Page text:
tv [untitled] January 31, 2012 2:30pm-3:00pm EST
actually voted for. i think we have 600,000 requests for absentees out there. and a significant number of people have voted early or voted absentee, pretty significant return on their request. 61% of those who requested absentees turned absentee ballots. it will be interesting to see how that impacts the turnout numbers today. i did vote. i did work for governor romney in 2008 in florida. a very different campaign then. governor romney was not as well known as he is now after four years of being visible and campaigning for president. so the task in florida was very different four years ago. we needed to create an environment where people would be willing to listen and learn more about governor romney. we were very effective in getting early endorsements that i think it was significant for the romney campaign this time because they signed again people
like speaker allen benz from panama city, former house speaker very well respected in the republican party here, john thrasher, former state party chairman and now state senator from the jacksonville area. very involved on the part of mitt romney. now president of the american conservative union was very involved with the romney campaign, particularly in recruiting hispanic leadership. the task was to get the governor known here and to make people ameanable to listening more about him. one of the challenges in 2008 is that the resources again were not there. and it made it much more difficult to campaign in a state the size and expense of florida this time in 2012. i think the romney campaign has wisely planned to invest resources in florida. en that did so early. the romney campaign was actually running paid advertising in florida three to four weeks prior to the florida primary.
so before the south carolina contest, they were on the groundment they were running advertising. they were organizing. they have a topnotch team here led by a former aide to governor jeb bush. and they had all the pieces in place to run a successful effort, particularly when you're tested. i think they have been by gingrich. >> we have a comment on twitter. romney's been running since 2008. anyone who doesn't know him has been living under a rock. >> let's hear from port richy, florida. andy on our democrats line. hi, how are you? >> good, thanks. >> caller: you know, my grandfather cooked for 12 presidents of the united states. he was a chef at the white house. and he took my sister there one time. she was like 6 years old. and jacqueline kennedy came down in a bathrobe. she said she didn't want him to cook for the president. she wanted to do the cooking. now these are lovely people. but what we're dealing with now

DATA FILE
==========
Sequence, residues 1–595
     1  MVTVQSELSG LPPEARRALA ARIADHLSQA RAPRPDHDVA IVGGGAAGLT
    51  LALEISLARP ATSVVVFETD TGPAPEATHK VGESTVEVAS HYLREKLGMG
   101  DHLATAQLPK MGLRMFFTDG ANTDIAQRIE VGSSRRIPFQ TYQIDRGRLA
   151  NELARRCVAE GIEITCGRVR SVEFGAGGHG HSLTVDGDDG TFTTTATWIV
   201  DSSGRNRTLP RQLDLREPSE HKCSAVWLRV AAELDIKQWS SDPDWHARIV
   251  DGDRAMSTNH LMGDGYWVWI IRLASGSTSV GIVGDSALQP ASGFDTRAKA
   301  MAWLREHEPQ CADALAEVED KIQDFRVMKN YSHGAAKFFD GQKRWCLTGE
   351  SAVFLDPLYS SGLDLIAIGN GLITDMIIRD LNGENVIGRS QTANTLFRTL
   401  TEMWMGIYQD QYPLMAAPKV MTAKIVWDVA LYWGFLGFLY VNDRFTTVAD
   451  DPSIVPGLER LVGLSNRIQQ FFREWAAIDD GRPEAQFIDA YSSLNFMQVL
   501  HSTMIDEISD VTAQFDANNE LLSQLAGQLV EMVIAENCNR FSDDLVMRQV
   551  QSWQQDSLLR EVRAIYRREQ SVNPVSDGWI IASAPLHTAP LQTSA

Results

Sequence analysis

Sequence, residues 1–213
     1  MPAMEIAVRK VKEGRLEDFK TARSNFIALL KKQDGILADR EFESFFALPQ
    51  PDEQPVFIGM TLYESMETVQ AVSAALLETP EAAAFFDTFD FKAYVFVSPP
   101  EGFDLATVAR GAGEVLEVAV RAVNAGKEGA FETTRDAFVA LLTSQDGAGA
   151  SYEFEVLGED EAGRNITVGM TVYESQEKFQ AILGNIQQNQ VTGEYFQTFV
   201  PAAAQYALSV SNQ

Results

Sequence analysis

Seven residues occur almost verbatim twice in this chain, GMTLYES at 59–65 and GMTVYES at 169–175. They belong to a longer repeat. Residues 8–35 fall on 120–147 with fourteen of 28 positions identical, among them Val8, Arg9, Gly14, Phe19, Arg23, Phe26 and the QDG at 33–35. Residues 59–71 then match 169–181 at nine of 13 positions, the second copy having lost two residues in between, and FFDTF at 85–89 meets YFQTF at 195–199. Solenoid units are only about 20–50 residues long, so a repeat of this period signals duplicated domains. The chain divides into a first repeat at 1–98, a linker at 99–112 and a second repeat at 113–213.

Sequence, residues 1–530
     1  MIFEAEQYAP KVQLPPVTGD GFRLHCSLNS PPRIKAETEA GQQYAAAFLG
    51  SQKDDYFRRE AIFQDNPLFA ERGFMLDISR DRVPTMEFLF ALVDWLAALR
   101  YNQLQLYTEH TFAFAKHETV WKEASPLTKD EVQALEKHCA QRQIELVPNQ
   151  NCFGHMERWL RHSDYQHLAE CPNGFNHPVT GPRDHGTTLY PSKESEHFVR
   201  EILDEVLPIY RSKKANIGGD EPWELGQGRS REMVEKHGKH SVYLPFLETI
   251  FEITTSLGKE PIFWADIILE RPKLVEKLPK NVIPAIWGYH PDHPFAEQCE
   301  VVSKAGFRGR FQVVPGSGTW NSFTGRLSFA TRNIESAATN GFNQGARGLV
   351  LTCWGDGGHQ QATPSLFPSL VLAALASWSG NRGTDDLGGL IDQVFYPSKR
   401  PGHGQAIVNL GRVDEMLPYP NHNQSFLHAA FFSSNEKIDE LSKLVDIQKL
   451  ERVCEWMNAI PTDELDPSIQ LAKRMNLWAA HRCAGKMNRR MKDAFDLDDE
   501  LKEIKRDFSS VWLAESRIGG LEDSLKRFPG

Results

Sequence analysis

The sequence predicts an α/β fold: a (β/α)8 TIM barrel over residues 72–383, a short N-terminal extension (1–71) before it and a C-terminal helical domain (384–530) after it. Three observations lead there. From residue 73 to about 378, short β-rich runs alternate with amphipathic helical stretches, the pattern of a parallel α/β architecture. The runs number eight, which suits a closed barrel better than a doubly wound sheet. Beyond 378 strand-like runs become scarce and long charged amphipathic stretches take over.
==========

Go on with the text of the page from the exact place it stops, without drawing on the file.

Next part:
in florida is people that are very dedicated, firemen, police men, and their cutting their salaries. i walked into a gas station the other day and i see a fireman working in a seven he leven because he can't afford to feed his family. and we're going to vote for people like you? you have to be crazy. and then you want to cut out medicare, social security. what are people going to have? >> well, i assume you're talking about republicans. i can't actually tell from your question. but why people would vote for republicans, i think what you're seeing everywhere not only in florida are tremendous challenges financially. we have not seen the job growth that president obama has brought us. we have not seen the responsible fiscal budgeting that the president promised. in the state of florida and i think in many states we actually have to balance our budget. we're required constitutionally to do that. and at the federal level, we are not. and so there are cuts occurring in states that have been very
difficult to make but we've had no choice. that said, i think in the state of florida, i can't speak to other states, our republican-led legislature and our republican governor have been very responsible in trying to prioritize our funding to public service providers, to firemen, policemen, critical needs industries. this year in particular we have seen a cut in years past in education spending. but governor scott has actually come out and ask for a billion dollars in new money for education. so what you have to do when we're in an economic down turn is prioritize resources. i think republicans have done a much better job of that than the president. and then democrats have been willing to do. i think there are a lot of reasons to look at new fiscal management in washington and that members a republican president regardless who have gets our nomination. >> our guest sally bradshaw is a member of the florida state board of education which oversea sees k-12 system of lower, middle and high schools and also community colleges. so it was k-14.